That said, mushrooms are known to contain some of the same compounds as adaptogenic plants. Reishi and cordyceps have both been studied for their benefits on stress-related fatigue, while chaga is known to contain antioxidants that may help protect cells from damage due to oxidative stress. As such, although there is limited research specific to mushrooms as adaptogens, it stands to reason that they should be considered alongside traditional plant-based adaptogens.

Is cannabis an adaptogen?

Many people turn to cannabinoids to help ease anxiety and stress, which begs the question: does this make cannabis adaptogenic as well? Not really. While cannabis does have many beneficial effects, it is not typically considered to be an adaptogen itself. That said, similar to the conversation about medicinal mushrooms, there is overlap between the effects of cannabis and adaptogenic plants and herbs.

It’s fairly well established that CBD can reduce cortisol levels, lessening feelings of stress and anxiety. It is also linked to improved sleep quality and duration for people with insomnia. THC’s ability to reduce inflammation and assist in pain management are also reminiscent of the effect adaptogens have; after all, reduced pain is certainly associated with lower overall stress.

And then there’s the concept of functional cannabis, an approach plant healing that combines cannabis with adaptogens and functional mushrooms in a bid to enhance each plant’s individual therapeutic benefit.

So while cannabis isn’t an adaptogen in the strictest sense, it is at the very least adaptogen-adjacent.

There are many plants that could be classified as adaptogens, however, a few have become popular for their known benefits. Some of the most popular adaptogenic herbs include Ashwagandha, Schisandra, Rhodiola Rosea, Holy Basil, and Astragalus.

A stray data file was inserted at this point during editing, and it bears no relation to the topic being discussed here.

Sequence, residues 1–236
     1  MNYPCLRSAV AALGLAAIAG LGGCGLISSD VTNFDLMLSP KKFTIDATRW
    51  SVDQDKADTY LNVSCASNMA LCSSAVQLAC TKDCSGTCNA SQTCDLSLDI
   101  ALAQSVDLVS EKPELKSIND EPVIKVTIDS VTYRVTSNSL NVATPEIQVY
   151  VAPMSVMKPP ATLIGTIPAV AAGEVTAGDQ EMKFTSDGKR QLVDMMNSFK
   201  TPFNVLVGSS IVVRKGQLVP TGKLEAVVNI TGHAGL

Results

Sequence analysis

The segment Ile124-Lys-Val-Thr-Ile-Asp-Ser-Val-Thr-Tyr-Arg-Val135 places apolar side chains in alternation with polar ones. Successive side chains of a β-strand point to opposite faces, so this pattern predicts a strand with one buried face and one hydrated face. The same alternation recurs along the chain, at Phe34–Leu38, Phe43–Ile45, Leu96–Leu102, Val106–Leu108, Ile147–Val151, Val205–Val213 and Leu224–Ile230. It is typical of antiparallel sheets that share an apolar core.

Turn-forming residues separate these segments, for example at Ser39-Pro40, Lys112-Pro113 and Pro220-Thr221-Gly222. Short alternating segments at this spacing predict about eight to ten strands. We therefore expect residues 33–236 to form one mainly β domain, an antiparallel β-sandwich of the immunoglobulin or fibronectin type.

Ashwagandha is an herb from South Asia with a long history of use in Ayurvedic medicine. It has been used to reduce anxiety and stress, help boost brain performance, increase energy levels and reduce inflammation; as well as protect the immune system. Additionally, it reportedly aids in better sleep quality by improving the body’s ability to cope with anxiety. Also known as “Indian ginseng,” ashwagandha is said to be both an adaptogen and a tonic herb – meaning that it can act both to counter fatigue while also strengthening the body’s overall natural health.

Rhodiola Rosea

Also known as “golden root” due to its yellow flowers, Rhodiola Rosea is native to cold climates such as Siberia and Scandinavia. This adaptogenic herb has traditionally been used as a mental booster, helping improve focus and combat fatigue while also promoting physical performance. Rhodiola Rosea can help lower cortisol levels (the hormone responsible for producing feelings of stress or fear), providing an ability to better manage stressful situations. Additionally, studies have suggested that Rhodiola Rosea can potentially improve memory recall in healthy adults.